Sun, Sea, Sand and Security: A Theory-Developing Study on the Relation Between Tourism and Lack of Political Liberalization
Abstract: This bachelor thesis main ambition is to develop a theoretical foundation that can provide plausible explanations to the relation between tourism and lack of political liberalization in less-developed and middle-income countries.
The thesis identifies a number of unique features of tourism as a sociological and commercial phenomena. This conceptualization of tourism paves the way for the formulation of a set of hypotheses which serve as the foundation of the theory. As a final stage in the thesis the hypotheses will be illustrated through a smaller case-study of Tunisia and the links found between tourism and political authoritarianism in this country.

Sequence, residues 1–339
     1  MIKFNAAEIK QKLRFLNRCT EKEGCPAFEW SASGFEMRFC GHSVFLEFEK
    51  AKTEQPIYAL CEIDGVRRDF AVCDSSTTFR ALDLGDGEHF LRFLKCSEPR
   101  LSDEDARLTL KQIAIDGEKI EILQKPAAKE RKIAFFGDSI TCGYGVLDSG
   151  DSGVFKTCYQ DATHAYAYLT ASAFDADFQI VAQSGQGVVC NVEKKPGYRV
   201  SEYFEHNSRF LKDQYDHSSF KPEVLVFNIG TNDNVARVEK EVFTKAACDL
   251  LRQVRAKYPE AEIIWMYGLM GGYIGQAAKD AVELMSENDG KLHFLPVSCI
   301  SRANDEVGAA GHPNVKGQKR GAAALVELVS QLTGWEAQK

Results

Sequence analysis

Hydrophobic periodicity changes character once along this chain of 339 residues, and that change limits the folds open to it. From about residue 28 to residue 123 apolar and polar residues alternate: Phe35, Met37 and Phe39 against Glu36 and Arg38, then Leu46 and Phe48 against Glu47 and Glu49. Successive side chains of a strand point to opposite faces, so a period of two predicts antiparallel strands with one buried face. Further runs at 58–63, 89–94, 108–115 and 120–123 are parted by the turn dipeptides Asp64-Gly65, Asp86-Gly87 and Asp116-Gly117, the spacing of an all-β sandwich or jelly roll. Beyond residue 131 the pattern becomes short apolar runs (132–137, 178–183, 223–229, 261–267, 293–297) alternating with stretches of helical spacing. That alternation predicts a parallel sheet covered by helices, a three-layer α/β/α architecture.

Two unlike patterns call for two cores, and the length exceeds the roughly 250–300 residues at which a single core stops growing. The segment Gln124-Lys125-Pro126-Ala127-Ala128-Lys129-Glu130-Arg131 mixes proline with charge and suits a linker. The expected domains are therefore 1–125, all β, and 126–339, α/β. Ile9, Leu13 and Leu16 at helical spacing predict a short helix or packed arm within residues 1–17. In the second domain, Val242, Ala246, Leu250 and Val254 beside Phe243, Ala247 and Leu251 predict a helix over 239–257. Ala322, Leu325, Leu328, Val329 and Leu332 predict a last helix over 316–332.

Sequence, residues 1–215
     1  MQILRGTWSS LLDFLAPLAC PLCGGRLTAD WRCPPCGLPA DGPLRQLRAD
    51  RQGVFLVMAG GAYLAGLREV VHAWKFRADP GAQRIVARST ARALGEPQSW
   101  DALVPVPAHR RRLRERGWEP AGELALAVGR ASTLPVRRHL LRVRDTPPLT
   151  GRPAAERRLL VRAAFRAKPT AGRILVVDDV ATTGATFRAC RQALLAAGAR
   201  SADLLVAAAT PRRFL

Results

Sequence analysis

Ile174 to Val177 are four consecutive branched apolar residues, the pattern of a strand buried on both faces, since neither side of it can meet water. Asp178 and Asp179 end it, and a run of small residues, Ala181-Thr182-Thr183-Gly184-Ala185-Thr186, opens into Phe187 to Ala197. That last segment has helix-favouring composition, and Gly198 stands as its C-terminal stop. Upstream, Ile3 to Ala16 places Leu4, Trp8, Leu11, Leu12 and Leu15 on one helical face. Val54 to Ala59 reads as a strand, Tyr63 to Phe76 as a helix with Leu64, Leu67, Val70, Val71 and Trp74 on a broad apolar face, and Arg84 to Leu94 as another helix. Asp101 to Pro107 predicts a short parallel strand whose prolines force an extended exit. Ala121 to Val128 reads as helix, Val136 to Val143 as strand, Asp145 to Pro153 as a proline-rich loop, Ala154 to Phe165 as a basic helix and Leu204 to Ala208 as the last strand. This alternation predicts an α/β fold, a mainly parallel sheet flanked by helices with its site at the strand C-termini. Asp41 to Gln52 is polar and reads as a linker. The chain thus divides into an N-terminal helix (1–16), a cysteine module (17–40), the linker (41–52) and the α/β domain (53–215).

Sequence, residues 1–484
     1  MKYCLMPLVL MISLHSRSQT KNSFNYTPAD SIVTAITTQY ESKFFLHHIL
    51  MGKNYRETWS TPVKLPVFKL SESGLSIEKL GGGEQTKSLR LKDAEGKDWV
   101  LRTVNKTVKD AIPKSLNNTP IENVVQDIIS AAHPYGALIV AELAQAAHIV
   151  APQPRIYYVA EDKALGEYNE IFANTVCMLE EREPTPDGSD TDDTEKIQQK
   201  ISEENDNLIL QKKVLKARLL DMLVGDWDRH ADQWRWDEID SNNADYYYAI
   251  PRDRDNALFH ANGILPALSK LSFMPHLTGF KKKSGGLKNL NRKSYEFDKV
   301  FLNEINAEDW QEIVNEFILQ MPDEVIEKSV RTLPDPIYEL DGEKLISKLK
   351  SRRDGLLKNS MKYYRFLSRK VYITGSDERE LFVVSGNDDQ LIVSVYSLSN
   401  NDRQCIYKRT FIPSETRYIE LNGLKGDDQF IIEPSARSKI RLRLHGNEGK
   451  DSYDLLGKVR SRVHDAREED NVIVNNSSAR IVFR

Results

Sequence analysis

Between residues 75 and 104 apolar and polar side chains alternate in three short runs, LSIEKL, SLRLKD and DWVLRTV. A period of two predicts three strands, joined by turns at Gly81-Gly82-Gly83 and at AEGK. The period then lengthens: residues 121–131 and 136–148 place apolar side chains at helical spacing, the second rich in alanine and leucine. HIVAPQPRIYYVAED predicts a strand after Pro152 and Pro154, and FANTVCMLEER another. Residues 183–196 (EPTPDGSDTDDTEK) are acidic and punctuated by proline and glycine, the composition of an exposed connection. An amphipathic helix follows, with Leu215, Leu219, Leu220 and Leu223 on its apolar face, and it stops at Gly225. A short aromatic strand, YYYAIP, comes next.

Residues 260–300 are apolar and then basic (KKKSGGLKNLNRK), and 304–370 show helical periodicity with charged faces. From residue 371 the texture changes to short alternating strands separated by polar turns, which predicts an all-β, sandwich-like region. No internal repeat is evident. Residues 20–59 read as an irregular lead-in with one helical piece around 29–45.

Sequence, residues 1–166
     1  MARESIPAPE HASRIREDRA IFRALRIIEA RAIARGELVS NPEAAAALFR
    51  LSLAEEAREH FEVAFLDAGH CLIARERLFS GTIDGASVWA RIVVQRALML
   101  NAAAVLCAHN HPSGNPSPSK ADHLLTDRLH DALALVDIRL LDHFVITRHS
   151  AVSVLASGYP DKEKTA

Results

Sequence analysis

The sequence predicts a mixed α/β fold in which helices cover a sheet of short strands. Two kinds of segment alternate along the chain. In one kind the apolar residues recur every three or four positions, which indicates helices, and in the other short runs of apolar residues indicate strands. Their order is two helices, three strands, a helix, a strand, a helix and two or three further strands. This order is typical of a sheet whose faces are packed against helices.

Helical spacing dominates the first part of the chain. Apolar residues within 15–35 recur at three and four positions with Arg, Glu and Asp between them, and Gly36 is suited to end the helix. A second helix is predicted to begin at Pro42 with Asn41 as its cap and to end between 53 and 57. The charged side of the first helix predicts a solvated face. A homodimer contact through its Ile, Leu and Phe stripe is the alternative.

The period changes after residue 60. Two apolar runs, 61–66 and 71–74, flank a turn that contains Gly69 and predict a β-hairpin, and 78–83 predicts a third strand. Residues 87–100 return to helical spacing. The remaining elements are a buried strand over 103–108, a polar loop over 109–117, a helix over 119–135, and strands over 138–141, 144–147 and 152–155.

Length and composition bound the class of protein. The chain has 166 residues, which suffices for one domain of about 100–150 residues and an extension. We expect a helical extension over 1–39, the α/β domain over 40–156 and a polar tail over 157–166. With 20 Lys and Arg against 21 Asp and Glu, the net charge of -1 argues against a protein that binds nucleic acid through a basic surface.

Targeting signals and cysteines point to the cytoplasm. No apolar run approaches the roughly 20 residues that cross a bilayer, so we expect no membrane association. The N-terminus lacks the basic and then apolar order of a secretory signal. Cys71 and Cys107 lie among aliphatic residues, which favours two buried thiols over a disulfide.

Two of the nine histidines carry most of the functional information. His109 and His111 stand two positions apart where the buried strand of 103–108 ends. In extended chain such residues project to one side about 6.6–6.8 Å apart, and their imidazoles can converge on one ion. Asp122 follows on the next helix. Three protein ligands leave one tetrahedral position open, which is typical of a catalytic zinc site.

The general assessment of the theory that is presented in this study is that tourism can act as an efficient agent of socio-cultural change, creating more complex and diverse structures of interest in the society concerned. This raises the probability of social disruption and political instability as expectations of social and participatory demands are not met. On this point the interests of host and home country elites converge into one; political stability. Through different strategies the elite groups then work to keep the socio-political situation stable, which leaves the country concerned in a state of upheld authoritarianism
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